Despite the great advantages of tidal lagoons, such as predictable renewable energy generation and flood risk reduction, tidal lagoons are expected to have an impact on the coastal and riverine environment. The uncertainties regarding the environmental impacts can potentially affect the development and influence the design of tidal lagoons. Therefore, it is desirable to fully assess their environmental impacts to evaluate the potential impacts associated with lagoons, and to mitigate any adverse impacts by improving the construction design and operation methods where necessary. A comprehensive study regarding the environmental impact of lagoons and their operation should be undertaken at the preliminary design stage and beyond. Furthermore, it is important to explore the accumulative impacts and the interaction of the conjunctive operation of the lagoons in different locations around the coast, which is regarded as an integrated potential effective tidal range energy scheme to provide continuous power.
This research study involves developing a refined two-dimensional hydrodynamic model to provide an accurate assessment of the hydro-environmental impact and the interaction of tidal lagoons. Improvements are made through simulations of island wakes, which provides a similar scenario to the flow patterns around obstacle, such as lagoons, in a macro-tidal environment. Innovative refinements are also made to enhance the modelling accuracy of the hydroenvironmental process within and outside of a lagoon, including full momentum conservation between the subdomains and the independent operation of the turbines and sluice gate blocks. Three state-of-the-art tidal lagoon proposals, namely: West Somerset Lagoon (WSL), Swansea Bay Lagoon (SBL) and North Wales Tidal Lagoon (NWTL), are used as case studies in this research to investigate their impacts and hydro-environmental interactions.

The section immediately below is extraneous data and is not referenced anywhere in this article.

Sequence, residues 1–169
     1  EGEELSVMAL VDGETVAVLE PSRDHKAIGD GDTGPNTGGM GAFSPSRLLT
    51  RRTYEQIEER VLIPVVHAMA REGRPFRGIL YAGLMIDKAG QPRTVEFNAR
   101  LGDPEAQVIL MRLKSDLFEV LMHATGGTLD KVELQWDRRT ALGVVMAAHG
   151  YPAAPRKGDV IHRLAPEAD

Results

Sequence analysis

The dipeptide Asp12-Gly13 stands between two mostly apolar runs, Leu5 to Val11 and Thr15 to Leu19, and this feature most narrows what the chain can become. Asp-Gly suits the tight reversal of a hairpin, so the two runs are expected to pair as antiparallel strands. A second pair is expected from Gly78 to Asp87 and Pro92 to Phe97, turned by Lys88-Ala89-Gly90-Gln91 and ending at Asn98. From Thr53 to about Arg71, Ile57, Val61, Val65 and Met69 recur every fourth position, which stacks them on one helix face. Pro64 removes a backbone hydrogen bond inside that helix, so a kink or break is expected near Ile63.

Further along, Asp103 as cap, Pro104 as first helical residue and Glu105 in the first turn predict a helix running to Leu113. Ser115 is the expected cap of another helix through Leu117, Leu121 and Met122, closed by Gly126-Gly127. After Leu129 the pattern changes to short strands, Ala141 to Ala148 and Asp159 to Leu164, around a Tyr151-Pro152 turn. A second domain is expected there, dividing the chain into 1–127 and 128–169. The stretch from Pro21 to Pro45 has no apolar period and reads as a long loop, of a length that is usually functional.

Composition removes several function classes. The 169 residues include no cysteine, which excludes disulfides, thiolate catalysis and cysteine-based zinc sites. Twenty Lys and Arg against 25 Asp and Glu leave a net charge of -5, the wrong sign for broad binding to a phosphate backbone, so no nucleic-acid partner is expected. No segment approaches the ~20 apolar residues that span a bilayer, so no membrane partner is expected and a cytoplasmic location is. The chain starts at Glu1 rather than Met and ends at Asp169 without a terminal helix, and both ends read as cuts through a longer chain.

The results show that the operation of the West Somerset Lagoon slightly reduces the tidal range in the Bristol Channel and Severn Estuary. The changes in tidal elevation caused by the WSL and NWTL resulted in a loss of intertidal mudflats of up to 20 km2 in the Bristol Channel and Severn Estuary, while the decrease in the peak water elevations reduces the coastal flood risk. The maximum velocity in the inner Bristol Channel increases by about 0.25-0.75 m/s with the operation of WSL, which improves the water renewal capacity and increases the maximum suspended sediment concentration in the Bristol Channel and Severn Estuary, and consequently reduces the risk of hypernutrification and eutrophication. In contrast, the current designs for the SBL and NWTL schemes as modelled in this study showed a decrease in the water residence time by 4% and 45.7% in the lagoon area, respectively. The bed shear stress study and the indicative morphological modelling demonstrated potential erosion in the turbine wake region, influencing the general morphodynamics during lagoon operation. Furthermore, the presence of WSL is likely to cause sediment deposition at two sides of the lagoon impoundment, while increasing slightly the risk of scouring the seabed in the inner Bristol Channel.
In the study of the conjunctive operation of WSL and NWTL, as well as WSL and SBL, the interactions between the lagoons were investigated, but they were found to be minor. The interactions between the lagoons are associated with the lagoon scale, location, tidal phase, et al., therefore a general conclusion could not be obtained. However, the feasibility of relatively continuous tidal power output is presented for the conjunctive operation of WSL and NWTL.